7   137
14   256
10   223
20   249
54   442
15   197
6   221
2   112
28   281
30   259

Eating for Exercise

Eating for Exercise


It’s 6am and the alarm’s going off for your morning sweat-session. You drag yourself out of bed, pull on your training gear, down a cuppa and head out the door. You’re ready for a productive workout, right? Wrong!

There’s something missing from this morning routine: FUEL.


Sure enough, you could follow this routine and have what feels like a perfectly good training session, but evidence suggests that exercising on an empty stomach actually results in reduced endurance, exercise intensity, and possibly even reduced fat burn1,2,3.

In fact, if you’re trying to lose weight, exercising without prior fuelling can even cause you to eat more throughout the day than if you’d had a carbohydrate snack3,4.

The reason for this is a dip in blood sugar levels, causing fatigue, light-headedness, weakness, shakes etc. which could cut short your workout or put you at risk of injury. Even if you manage to finish your workout, chances are you won’t have been able to put in as much effort, therefore burning fewer calories overall.

A snack or light meal, eaten 2-4 hours before exercise, slows the speed at which glycogen is used up, resulting in a longer, harder workout3. This applies to morning, noon or night exercisers.


As we already know from “Running on Empty”, foods rich in carbohydrate are the main source of fuel for our bodies, but more specifically slow-release carbs are the best foods to consume before training. Slow-release carbs (otherwise known as “low GI” or glycaemic index) are foods that cause a gradual rise in blood sugar levels, rather than the spike we see from high GI foods. However, high GI foods can be made “slow-release” by combining them with protein or fat (more on this in another post!).

Low GI snacks or meals include:

  • porridge with milk
  • wholegrain cereal and milk (try bran flakes, muesli or Weetabix for healthier cereals)
  • cereal bar or breakfast bar (Nature Valley or Eat Natural are good choices)
  • 1-2 pieces of fruit (apples, bananas, grapes)
  • handful raisins or other dried fruit
  • a smoothie
  • natural or Greek yoghurt
  • a glass of fruit juice diluted with half quantity water
  • a glass of milk
  • peanut butter on toast (or a bagel)
  • sandwich filled with chicken, tuna, egg
  • small jacket potato with baked beans, tuna, chilli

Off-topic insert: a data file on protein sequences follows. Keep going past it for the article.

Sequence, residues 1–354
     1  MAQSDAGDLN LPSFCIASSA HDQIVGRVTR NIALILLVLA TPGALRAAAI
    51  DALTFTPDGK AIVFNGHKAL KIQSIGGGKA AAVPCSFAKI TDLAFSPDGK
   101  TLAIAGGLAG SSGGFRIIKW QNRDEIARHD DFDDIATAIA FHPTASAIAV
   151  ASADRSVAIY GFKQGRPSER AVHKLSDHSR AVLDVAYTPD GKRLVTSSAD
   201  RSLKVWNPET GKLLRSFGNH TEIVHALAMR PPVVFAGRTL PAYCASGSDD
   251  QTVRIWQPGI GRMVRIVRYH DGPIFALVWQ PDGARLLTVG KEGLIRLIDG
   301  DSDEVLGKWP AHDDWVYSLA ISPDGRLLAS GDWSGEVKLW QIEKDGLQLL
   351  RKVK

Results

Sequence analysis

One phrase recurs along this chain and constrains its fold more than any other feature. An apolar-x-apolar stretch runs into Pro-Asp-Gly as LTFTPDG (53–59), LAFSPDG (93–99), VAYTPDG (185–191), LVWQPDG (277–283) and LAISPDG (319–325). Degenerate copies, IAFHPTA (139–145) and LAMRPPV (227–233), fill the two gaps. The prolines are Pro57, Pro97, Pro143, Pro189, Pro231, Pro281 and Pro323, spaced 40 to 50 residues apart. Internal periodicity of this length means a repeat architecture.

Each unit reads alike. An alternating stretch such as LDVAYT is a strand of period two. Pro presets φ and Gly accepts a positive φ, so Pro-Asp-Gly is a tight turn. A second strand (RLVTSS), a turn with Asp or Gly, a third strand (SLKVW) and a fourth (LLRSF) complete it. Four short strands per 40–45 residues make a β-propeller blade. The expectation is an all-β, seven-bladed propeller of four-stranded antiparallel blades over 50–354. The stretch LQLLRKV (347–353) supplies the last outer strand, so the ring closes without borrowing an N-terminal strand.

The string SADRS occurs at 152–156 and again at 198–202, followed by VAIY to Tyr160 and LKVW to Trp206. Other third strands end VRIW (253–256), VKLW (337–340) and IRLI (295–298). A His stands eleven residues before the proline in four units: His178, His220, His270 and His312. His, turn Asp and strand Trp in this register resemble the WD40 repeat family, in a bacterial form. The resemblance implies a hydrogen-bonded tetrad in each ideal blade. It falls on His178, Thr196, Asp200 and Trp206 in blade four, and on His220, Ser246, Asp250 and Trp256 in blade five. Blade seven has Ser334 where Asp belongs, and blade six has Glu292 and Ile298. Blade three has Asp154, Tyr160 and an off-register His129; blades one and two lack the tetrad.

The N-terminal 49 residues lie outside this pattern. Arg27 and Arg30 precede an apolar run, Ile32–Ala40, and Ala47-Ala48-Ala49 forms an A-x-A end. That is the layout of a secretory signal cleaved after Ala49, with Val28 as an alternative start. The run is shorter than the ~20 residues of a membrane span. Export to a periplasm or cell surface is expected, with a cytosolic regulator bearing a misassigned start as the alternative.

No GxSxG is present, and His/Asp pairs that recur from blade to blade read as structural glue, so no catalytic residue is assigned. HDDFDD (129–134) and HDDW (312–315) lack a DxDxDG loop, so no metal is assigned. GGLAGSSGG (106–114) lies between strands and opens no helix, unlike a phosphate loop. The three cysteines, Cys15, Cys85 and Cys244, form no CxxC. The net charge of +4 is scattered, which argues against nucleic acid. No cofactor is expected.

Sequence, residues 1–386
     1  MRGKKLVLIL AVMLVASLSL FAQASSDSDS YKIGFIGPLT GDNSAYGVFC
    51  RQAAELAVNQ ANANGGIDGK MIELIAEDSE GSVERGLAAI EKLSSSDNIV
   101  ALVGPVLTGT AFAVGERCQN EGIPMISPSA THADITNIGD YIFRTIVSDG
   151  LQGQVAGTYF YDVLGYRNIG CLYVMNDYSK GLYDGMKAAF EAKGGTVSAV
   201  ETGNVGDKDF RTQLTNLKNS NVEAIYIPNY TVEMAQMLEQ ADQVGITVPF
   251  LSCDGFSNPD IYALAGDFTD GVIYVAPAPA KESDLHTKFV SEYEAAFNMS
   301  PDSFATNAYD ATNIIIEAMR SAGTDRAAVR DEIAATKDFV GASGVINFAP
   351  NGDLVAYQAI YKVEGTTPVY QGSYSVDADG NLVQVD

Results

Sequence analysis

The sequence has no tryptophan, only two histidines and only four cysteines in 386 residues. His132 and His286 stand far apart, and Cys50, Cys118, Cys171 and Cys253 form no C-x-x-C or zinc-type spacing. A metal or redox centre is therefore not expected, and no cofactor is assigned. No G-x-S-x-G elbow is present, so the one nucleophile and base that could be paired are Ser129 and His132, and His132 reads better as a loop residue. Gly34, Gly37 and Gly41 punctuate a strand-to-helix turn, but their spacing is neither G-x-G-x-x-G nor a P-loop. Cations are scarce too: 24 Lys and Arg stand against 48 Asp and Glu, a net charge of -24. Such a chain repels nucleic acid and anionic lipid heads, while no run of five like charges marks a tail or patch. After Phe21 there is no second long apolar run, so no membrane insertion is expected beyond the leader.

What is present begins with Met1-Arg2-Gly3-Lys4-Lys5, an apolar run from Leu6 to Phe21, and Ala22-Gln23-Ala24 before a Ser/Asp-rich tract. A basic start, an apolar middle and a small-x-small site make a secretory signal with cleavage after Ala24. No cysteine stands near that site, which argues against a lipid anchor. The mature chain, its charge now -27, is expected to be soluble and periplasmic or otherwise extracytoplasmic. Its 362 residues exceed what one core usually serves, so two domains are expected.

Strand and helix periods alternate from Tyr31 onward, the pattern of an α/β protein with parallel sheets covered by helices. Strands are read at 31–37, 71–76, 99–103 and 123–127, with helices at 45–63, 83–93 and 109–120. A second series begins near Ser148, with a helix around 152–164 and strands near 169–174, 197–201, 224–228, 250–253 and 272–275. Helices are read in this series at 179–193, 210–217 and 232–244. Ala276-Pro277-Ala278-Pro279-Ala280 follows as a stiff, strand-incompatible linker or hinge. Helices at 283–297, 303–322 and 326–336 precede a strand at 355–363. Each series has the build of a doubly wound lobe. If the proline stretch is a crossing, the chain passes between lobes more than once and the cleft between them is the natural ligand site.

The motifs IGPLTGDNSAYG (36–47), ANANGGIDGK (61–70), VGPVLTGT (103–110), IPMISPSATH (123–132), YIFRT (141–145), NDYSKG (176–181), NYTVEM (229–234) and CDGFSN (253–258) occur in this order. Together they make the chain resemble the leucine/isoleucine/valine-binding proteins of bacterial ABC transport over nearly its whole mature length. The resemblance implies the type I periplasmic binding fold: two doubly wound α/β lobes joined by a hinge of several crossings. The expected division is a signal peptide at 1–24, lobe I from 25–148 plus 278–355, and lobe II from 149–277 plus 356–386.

• rice with chicken or fish and veg
  • pasta salad or pasta with tomato sauce and vegetables
A personal favourite pre-workout snack: peanut butter on toast

How much?

This depends on how long you plan to exercise for, what intensity you will be working at, and also how much you weigh.

In general, sticking to around 1g of carbohydrate per kilogram of body weight should be enough for up to two hours’ moderate intensity exercise (this equates to around 64g of carbohydrate for a 10 stone person). For longer workouts or events, try 2g per kilo of body weight (128g of carbohydrate for a 10 stone person).

Remember, 100g of pasta does not provide 100g of carbohydrate – it’s actually only around 70g. The carbohydrate content of all foods should be listed on the packaging, so take care to make sure you are consuming enough for your needs.

Eating for Exercise

Check food labels for carbohydrate content


As already mentioned, eating something carbohydrate rich around 2-4 hours before exercise should provide enough energy to keep you going, but you don’t necessarily need to take on extra calories in order to do this. If you are watching your weight you can time your ordinary meals/snacks to tie in with your training.

For example, for those morning exercisers, why not split your breakfast into two portions? One part for before your session, and one to re-fuel after? Or if you really can’t face solid food first thing in the morning, try a glass of juice mixed with water, or a smoothie or glass of milk.

If you exercise at lunchtime, your breakfast may be enough to fuel you, but if not, you could have a piece of fruit or a cereal bar mid-morning to give you a boost.

If you like to train after work, a larger lunch or a mid-afternoon snack will keep you energised. And for late evening exercisers, try a smaller dinner so as not to fill you too much, with a snack for afterwards.

What about events?

For events and races, don’t leave it to chance. You should always stick with what you know and follow how you’ve eaten during training. Don’t try any new foods in the build up to the event, or on the day, and don’t rely on there being what you need en route or at the venue – take your own supplies!

Fuelling doesn’t have to be a chore, it just takes a little bit of planning.

Next time on Sports Nutrition: food for recovery.

Further Reading:

  1. Kirwan, J.P., O’Gorman, D., Evans, W.J., 1997. A moderate glycemic meal before endurance exercise can enhance performance, Journal of Applied Physiology, [online] Available at: http://jap.physiology.org/content/84/1/53.abstract [Accessed 16th October 2012].
  2. Schoenfeld, B., 2011. Does cardio after an overnight fast maximize fat loss?, Strength and Conditioning Journal, [online] Available at: http://pulsthjalfun.is/wp-content/uploads/2011/11/doescardio.pdf [Accessed 16th October 2012].
  3. Bean, A., 2007. Food for Fitness. London, A&C Black Publishers Ltd. Pages 37-44.
  4. Melby, C.L., Osterberg, K.L., Resch, A., Davy, B., Johnson, S., Davy, K., 2002. Effect of carbohydrate ingestion during exercise on post-exercise substrate oxidation and energy intake, International Journal of Sports Nutrition and Exercise Metabolism, [online] Available at: http://www.ncbi.nlm.nih.gov/pubmed/12432174 [Accessed 16th October 2012].
Georgina Spenceley


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